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The Wailers begins in the early 1960s in the Trench Town neighborhood of Kingston, Jamaica.

The founding members were childhood friends who shared a passion for music, including Bob Marley, Peter Tosh, Bunny Livingston (later known as Bunny Wailer), Junior Braithwaite, Beverly Kelso, and Cherry Smith.

The Wailers initially formed as a vocal harmony group, heavily influenced by American R&B and doo-wop. They started recording for producer Coxsone Dodd at Studio One, one of Jamaica's most prominent recording studios. In 1964, The Wailers released their debut single, "Simmer Down," which became an instant hit in Jamaica. The song's success established The Wailers as a force in the local music scene.

During the mid-1960s, The Wailers went through various lineup changes, with members coming and going. However, the core trio of Bob Marley, Peter Tosh, and Bunny Wailer remained constant. The band's early recordings included ska and rocksteady styles, and they worked with producers like Lee "Scratch" Perry, who played a significant role in shaping their sound.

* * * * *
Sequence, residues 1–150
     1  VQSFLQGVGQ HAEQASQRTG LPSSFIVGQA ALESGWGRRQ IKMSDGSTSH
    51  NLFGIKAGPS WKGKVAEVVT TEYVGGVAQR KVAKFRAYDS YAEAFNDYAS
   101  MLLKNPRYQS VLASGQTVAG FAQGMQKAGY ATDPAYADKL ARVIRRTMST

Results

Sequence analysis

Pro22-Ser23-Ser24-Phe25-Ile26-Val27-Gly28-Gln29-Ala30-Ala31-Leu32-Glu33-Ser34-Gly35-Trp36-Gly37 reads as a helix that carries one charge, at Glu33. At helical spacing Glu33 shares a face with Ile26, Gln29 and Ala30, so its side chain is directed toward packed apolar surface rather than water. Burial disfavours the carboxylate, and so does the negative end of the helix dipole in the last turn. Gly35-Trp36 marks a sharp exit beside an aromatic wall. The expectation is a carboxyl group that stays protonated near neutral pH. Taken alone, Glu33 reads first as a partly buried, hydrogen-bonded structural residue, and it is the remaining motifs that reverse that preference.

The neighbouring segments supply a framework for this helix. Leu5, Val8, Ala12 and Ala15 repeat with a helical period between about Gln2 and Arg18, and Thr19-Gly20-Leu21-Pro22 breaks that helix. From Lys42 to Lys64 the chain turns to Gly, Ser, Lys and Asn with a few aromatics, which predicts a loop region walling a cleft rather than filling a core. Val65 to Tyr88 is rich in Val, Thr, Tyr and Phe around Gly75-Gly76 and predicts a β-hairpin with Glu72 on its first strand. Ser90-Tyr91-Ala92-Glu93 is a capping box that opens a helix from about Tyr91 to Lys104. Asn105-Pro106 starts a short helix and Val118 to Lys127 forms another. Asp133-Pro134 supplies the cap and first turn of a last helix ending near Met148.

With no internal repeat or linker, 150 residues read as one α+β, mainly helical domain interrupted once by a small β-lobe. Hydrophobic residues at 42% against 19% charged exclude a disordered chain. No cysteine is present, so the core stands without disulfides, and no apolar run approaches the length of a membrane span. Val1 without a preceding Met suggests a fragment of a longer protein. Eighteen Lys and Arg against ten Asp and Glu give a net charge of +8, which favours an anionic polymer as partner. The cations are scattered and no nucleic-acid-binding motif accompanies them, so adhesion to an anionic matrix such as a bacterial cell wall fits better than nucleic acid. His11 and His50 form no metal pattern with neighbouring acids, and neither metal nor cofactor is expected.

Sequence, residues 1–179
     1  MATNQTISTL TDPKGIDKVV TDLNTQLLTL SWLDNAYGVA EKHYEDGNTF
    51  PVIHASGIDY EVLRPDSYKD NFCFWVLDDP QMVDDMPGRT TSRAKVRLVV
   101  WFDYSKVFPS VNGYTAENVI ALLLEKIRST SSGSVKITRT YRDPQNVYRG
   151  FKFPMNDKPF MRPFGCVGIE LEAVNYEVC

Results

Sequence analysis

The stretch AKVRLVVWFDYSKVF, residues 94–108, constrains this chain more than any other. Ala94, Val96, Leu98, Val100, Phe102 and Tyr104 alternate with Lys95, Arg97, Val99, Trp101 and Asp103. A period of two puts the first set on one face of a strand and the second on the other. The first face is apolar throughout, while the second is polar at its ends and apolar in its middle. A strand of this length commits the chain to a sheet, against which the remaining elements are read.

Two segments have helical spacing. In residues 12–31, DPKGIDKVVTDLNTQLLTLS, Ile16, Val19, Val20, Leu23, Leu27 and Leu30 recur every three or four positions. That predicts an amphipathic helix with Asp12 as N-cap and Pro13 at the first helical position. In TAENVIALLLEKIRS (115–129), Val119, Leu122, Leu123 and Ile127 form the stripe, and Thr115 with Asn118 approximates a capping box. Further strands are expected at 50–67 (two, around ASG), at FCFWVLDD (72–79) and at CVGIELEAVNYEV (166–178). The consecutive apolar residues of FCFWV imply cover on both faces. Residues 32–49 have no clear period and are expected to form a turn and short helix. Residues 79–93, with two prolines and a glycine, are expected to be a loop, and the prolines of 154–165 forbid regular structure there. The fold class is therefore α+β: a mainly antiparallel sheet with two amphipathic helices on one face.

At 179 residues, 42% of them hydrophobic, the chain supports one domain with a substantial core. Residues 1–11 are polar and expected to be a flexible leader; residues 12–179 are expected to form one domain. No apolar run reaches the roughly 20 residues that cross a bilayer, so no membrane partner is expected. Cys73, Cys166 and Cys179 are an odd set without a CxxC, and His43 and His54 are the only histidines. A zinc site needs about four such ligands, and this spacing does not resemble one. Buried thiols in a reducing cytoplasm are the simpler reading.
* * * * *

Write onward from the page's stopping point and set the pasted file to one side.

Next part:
In 1970, The Wailers signed a recording contract with Chris Blackwell's Island Records, a move that would have a transformative impact on their career. The first album released under Island Records was "The Best of The Wailers" (1971). While the album did not achieve significant commercial success, it laid the groundwork for what was to come.

The breakthrough for The Wailers came with the release of "Catch a Fire" in 1973. This album marked a shift towards a more polished and international sound, blending reggae with elements of rock and soul. The inclusion of tracks like "Stir It Up" and "Concrete Jungle" helped the album gain attention globally.

The follow-up album, "Burnin'" (1973), featured one of The Wailers' most famous songs, "I Shot the Sheriff," which gained international recognition when Eric Clapton covered it. However, internal tensions within the band led to the departure of Peter Tosh and Bunny Wailer in 1974.

Despite the departure of key members, Bob Marley continued with a new lineup under the name "Bob Marley and the Wailers." The band released acclaimed albums like "Natty Dread" (1974), "Rastaman Vibration" (1976), and "Exodus" (1977). "Exodus" included hits like "One Love" and "Three Little Birds" and is considered one of the greatest reggae albums of all time.

Tragically, Bob Marley passed away from cancer in 1981. Bunny Wailer and Peter Tosh pursued solo careers, with Tosh achieving notable success before his untimely death in 1987.

Despite the challenges and changes over the years, The Wailers' legacy endures. Various members have continued to perform and record under the name, keeping the spirit of The Wailers and Bob Marley alive. The band's contributions to reggae music and its impact on global culture have solidified its place in music history.

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